Introversion/Extroversion's role in leadership ability

  • Thread starter Dembadon
  • Start date

How much influence does Introversion/Extroversion have on one's leadership ability?

  • Introversion/Extroversion plays a significant role in leadership ability

    Votes: 2 22.2%
  • Introversion/Extroversion plays a moderate role in leadership ability

    Votes: 3 33.3%
  • Introversion/Extroversion plays a nominal role in leadership ability

    Votes: 0 0.0%
  • Introversion/Extroversion plays no role in leadership ability

    Votes: 0 0.0%
  • It depends on the employees

    Votes: 5 55.6%
  • It depends on the project

    Votes: 3 33.3%
  • It depends on the company

    Votes: 2 22.2%

  • Total voters
    9
  • #1
Dembadon
Gold Member
633
89
Here is an article I read in The Atlantic this morning:

http://www.theatlantic.com/magazine/archive/2012/07/hire-introverts/9041/

Hire Introverts

By SUSAN CAIN

“Hire good people and leave them alone.”

So declared William McKnight, who was 3M’s unassuming CEO during the 1930s and ’40s, and who encouraged employees to spend 15 percent of their time noodling on their own pet projects. (The policy survives to this day at 3M, and gave birth to the Post-it note, among other innovations.)

McKnight’s philosophy anticipated one of the most intriguing breakthroughs in recent leadership theory. According to a team of researchers led by the Wharton management professor Adam Grant, introverted leaders typically deliver better outcomes than extroverts, because they’re more likely to let proactive employees run with their ideas. Extroverted leaders, who like to be at the center of attention, may feel threatened by employees who take too much initiative (but do outperform introverts when managing less proactive workers who rely on their leader for inspiration).

Grant’s research echoes other findings on the power of introverts. They’re persistent—give them a difficult puzzle to solve, and they’ll analyze it before diving in, then work at it diligently. (“It’s not that I’m so smart,” said Einstein. “It’s that I stay with problems longer.”) And they’re careful risk-takers: less likely to get into car accidents, participate in extreme sports—or place outsize financial bets. (Warren Buffett is a self-described introvert who attributes his success to his temperament.)

Introverts are also comfortable with solitude—a crucial spur to creativity. When the psychologists Mihaly Csikszentmihalyi and Gregory Feist studied the lives of the most-creative people across a variety of fields, they almost always found visionaries who were introverted enough to spend large chunks of time alone.

Management literature is full of advice for introverted leaders on how to be more extroverted, says Grant: Smile more! Practice your public speaking! But extroverts might take a page from their introverted peers, too—by hiring good people and leaving them alone.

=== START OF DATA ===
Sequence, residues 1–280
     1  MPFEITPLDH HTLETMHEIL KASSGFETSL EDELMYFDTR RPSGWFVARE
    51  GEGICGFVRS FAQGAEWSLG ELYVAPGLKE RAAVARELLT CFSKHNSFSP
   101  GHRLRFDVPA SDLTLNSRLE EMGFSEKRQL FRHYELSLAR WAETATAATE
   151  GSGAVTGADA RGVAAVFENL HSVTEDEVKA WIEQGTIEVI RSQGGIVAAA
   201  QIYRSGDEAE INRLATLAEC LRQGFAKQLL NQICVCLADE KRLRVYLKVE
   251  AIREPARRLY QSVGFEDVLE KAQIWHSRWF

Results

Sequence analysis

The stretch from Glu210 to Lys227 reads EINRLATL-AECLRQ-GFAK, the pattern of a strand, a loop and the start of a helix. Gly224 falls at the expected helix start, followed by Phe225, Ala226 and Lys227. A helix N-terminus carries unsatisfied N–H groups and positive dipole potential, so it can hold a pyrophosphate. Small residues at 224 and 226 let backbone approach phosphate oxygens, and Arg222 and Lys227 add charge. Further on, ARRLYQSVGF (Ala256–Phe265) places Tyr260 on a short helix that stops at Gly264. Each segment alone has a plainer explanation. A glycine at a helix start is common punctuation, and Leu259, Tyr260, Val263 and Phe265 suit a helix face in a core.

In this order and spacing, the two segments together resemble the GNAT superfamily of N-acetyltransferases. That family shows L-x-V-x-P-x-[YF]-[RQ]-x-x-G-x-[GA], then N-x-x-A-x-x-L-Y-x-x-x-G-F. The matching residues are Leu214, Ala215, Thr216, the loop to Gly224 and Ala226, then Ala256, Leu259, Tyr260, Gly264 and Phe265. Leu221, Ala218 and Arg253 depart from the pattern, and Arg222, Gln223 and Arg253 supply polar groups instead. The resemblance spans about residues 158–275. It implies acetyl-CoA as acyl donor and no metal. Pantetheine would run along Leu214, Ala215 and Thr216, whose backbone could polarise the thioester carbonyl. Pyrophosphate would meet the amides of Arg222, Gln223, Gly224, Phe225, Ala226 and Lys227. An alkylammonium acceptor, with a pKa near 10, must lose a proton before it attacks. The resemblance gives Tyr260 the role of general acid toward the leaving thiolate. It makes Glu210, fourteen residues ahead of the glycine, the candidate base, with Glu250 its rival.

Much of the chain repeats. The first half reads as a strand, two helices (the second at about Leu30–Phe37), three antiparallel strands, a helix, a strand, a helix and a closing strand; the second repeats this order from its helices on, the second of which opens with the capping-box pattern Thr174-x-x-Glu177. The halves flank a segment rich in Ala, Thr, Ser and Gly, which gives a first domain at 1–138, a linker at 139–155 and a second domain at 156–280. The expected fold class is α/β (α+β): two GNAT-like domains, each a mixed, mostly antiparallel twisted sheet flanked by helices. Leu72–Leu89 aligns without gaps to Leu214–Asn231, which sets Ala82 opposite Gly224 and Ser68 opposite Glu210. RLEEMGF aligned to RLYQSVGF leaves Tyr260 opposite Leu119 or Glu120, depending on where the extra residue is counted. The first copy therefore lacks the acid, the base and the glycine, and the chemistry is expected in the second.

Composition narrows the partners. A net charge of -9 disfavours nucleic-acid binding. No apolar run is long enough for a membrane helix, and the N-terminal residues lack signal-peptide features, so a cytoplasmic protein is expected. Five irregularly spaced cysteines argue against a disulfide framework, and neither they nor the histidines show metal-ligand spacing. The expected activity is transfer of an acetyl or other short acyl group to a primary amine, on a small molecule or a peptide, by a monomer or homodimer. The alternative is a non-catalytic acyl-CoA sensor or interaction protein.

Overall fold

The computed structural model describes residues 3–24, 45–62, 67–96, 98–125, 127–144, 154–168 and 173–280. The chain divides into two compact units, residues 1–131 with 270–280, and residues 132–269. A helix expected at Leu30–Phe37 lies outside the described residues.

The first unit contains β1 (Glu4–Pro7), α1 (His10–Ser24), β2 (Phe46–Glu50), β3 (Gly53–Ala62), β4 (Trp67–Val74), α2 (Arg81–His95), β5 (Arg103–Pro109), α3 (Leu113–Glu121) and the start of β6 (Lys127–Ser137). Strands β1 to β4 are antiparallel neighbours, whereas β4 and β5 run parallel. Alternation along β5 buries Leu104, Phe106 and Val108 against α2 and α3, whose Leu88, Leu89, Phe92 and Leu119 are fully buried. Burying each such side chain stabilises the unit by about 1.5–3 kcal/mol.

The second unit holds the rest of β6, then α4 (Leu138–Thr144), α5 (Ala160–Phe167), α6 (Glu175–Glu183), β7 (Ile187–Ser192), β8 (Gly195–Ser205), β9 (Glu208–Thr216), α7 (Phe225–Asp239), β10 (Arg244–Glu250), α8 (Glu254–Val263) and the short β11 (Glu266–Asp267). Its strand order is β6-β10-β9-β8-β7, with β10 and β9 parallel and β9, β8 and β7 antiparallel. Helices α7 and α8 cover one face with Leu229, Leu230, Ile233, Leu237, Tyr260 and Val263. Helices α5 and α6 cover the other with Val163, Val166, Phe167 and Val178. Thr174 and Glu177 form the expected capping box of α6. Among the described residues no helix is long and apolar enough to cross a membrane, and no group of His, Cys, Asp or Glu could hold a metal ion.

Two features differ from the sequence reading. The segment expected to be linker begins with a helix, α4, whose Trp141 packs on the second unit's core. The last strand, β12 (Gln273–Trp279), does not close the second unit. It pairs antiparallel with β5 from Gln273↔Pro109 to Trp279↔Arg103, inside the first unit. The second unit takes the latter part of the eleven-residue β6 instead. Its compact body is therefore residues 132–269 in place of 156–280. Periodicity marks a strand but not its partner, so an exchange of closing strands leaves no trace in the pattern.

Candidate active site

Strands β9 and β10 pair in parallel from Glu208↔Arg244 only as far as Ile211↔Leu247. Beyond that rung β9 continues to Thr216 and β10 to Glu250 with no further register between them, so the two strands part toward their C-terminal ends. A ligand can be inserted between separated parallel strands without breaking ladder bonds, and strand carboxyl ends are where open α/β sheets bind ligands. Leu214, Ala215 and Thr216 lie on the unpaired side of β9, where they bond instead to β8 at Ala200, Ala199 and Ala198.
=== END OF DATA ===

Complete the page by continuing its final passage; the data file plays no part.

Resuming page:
How do you feel about this article? Personally, I think it depends on the project and those being managed.

Edit: I forgot to add that I believe Introversion/Extroversion plays a moderate role in leadership ability, with the caveats I've mentioned.
 
Last edited:

Answers and Replies

  • #2
412
4
When you take "too much initiative", it might require involvement of other teams etc. Your supervisor need to be supportive and proactive enough to help with dealing outside people. I believe "introvert people" might not be capable of supporting you. That being said I disagree with:
Extroverted leaders, who like to be at the center of attention, may feel threatened by employees who take too much initiative
That being said I don't believe too much in Introversion/Extroversion. I often see so many articles on the internet related to how introverts should be treated with the respect.

P.S. On separate note, does introversion also refers to passiveness i.e. is the article trying to say passive leaders can be good also?
 
  • #3
2,126
0
From what I've read on the subject, which admittedly isn't much, what really matters for leadership is how good you are with people. What people tend to admire is a leader who is skilled with reconciling and avoiding conflict, but willing to stand up for what they believe in if they think it is important. If you don't have those qualities whether you are introverted or extroverted might not matter much.
 
  • #4
Dembadon
Gold Member
633
89
When you take "too much initiative", it might require involvement of other teams etc. Your supervisor need to be supportive and proactive enough to help with dealing outside people. I believe "introvert people" might not be capable of supporting you. That being said I disagree with:

That being said I don't believe too much in Introversion/Extroversion. I often see so many articles on the internet related to how introverts should be treated with the respect.

P.S. On separate note, does introversion also refers to passiveness i.e. is the article trying to say passive leaders can be good also?

Hi rootX, even though the article isn't very precise with its claims, it does seem to suggest that introverts are the more passive of the two. It claims such a style is effective when managing people who don't need constant inspiration.
 
  • #5
6,362
1,283
Hi rootX, even though the article isn't very precise with its claims, it does seem to suggest that introverts are the more passive of the two. It claims such a style is effective when managing people who don't need constant inspiration.
I'm in the middle of reading A Beautiful Mind. They're at the part where Nash worked for Rand. The Rand leader's policy was exactly what this article describes: hire good people then leave them alone. The layout of the offices and such was, however, designed to "maximize chance meetings" in the hallways.
 

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